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CMU students help elderly recall memories through music

Music therapy helps elderly with Alzheimer’s and dementia recall long-term memories


From long car rides to background noise, music is linked to many facets of everyday life. Central Michigan University faculty and students also have found it is an important tool in helping Mount Pleasant residents suffering from Alzheimer’s disease and dementia recall long-term memories.

“Memory is affected by a lot of factors, especially those associated with emotional attachment — and music is one of those because it’s everywhere,” CMU music professor Jennifer Kitchen said. “Thinking back to high school graduation or first dates, you remember that part of your life and the emotion you felt when you hear a song that was popular during that time.”

When Kitchen informed her classes about the Music and Memory Foundation, a national organization developing music and memory therapies, she never imagined the success her students would have when they decided to do a similar project in Mount Pleasant.

The students volunteer with 26 residents at The Laurels of Mount Pleasant, an extended-stay location for those with physical or cognitive limitations.

The residents are given an iPod filled with popular music from their teen years, a time in life Kitchen said is correlated with a lot of emotion. Other music the residents enjoy includes sing-a-long songs, American folk songs, Christmas music and rock ‘n’ roll — especially the Beatles.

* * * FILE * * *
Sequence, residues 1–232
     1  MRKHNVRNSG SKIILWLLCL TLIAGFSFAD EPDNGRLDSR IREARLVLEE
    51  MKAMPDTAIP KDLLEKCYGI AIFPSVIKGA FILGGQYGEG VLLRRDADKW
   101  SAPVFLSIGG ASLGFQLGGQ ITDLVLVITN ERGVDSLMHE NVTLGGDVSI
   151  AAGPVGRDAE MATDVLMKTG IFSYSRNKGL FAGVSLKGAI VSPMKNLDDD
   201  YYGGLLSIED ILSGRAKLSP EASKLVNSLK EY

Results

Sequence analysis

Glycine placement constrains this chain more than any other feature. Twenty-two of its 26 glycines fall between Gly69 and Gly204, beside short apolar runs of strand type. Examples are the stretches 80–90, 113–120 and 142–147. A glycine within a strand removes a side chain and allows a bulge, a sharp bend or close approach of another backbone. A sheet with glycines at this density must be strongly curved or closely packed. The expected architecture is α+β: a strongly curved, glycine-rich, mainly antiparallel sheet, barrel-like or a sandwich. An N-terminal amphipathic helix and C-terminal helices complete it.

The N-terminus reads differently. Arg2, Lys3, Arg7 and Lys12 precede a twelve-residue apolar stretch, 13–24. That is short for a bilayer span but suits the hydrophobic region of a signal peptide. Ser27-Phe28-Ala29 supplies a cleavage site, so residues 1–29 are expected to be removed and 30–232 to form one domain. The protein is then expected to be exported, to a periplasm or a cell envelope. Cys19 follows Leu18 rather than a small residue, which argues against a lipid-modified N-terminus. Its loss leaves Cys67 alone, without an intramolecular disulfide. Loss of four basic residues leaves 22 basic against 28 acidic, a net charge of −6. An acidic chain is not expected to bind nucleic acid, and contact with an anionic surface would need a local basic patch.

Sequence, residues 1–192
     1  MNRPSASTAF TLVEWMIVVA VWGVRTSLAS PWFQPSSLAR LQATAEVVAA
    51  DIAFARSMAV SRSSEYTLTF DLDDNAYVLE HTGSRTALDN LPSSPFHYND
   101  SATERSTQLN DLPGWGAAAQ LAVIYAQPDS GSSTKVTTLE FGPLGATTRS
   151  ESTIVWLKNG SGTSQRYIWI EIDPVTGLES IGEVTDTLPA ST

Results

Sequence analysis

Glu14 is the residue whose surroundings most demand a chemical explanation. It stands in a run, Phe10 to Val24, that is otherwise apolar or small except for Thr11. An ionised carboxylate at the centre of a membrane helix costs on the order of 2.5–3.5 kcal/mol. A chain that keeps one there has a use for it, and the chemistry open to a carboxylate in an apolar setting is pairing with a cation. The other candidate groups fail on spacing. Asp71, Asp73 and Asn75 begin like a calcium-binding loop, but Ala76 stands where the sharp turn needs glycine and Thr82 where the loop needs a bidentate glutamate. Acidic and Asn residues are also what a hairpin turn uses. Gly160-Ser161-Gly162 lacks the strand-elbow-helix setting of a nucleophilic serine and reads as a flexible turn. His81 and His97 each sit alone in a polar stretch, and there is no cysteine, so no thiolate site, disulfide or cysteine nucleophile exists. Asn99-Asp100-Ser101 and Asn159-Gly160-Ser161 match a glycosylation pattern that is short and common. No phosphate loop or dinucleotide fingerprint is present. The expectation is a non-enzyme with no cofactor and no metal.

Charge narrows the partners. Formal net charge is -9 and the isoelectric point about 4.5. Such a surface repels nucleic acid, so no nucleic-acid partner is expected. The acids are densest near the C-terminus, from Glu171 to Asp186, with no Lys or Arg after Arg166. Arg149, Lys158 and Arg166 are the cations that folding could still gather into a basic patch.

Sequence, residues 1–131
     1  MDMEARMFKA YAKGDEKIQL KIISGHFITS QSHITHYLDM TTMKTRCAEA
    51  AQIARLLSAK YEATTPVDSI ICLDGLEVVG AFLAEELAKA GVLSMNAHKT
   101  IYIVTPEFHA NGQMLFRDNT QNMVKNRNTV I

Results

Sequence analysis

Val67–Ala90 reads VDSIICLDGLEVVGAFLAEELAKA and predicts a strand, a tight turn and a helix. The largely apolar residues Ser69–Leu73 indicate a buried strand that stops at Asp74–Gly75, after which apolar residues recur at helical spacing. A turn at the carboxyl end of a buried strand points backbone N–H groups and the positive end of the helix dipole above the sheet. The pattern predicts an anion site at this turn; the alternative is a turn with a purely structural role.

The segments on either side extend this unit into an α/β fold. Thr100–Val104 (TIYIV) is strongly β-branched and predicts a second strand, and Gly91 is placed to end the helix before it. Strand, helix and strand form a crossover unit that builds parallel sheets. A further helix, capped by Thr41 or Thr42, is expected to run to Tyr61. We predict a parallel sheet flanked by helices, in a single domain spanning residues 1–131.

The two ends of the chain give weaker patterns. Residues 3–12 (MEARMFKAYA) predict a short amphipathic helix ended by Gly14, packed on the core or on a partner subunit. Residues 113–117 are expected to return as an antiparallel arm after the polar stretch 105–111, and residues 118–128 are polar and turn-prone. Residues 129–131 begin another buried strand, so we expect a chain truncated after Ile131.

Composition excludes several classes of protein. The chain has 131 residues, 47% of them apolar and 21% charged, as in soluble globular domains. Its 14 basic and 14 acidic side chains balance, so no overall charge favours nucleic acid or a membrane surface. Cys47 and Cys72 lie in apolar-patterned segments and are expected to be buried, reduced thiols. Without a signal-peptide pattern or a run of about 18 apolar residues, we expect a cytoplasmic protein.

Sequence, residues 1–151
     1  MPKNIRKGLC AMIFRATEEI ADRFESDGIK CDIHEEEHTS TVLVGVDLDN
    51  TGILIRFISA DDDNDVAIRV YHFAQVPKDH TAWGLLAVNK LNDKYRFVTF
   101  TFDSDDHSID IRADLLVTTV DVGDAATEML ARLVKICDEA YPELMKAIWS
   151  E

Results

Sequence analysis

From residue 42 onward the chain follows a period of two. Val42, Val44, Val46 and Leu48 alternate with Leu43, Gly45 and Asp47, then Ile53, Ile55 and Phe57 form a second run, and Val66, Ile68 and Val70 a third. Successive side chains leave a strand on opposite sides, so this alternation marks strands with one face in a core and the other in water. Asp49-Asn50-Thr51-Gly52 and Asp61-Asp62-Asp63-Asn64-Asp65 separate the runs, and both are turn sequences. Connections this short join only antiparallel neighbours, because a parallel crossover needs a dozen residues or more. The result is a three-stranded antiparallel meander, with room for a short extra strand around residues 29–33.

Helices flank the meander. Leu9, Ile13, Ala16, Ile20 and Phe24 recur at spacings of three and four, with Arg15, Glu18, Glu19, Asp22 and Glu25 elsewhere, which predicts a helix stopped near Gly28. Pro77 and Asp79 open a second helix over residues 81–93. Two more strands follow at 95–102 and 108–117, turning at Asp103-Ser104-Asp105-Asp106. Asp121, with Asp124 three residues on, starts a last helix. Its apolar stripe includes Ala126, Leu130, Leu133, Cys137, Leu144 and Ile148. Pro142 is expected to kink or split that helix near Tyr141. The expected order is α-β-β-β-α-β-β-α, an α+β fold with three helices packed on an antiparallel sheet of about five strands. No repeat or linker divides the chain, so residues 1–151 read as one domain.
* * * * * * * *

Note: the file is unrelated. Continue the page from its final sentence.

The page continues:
The project has been implemented in two classes. Lowell senior Kelsey Mankel was part of the first class that organized the project and was able to see first-hand how much the music affected the mood and behaviors of the residents.

“I worked with one man who was fairly unresponsive and withdrawn, but when we put the headphones on, he sat up, nodded along, and began sharing stories and talking with us,” she said. “Seeing people who were previously unresponsive suddenly light up and begin talking, singing and interacting with the music — transforming in front of my eyes — reaffirmed my belief in the power of music to affect people.”

Randi L’Hommedieu, School of Music director, has witnessed the impact of this project on both the residents and on the students.

“Watch the students work with the folks, and you’ll see them grow in empathy, in comfort in working with people unlike themselves and in giving something of themselves to others,” L’Hommedieu said. “Everything we do in music is a service, so this is important in helping our students become music professionals.”

For Kitchen and her students, working with the patients is a rewarding and humbling experience, as relationships are formed and progress toward memory retrieval and being present in everyday life is made.

“This project is something I didn’t even know we were going to do — or go as far as we have,” Kitchen said. “Working with these residents is so inspiring. You see them responding and recognizing you when you walk in, and I just leave smiling.”

The project currently operates on a volunteer-only basis. Kitchen hopes to enter a yearlong process of fundraising and working with professionals at the Music and Memory Foundation to certify the experimental project. The project has been supported by the Morey Foundation and CMU’s Morey Senior Outreach Project.​


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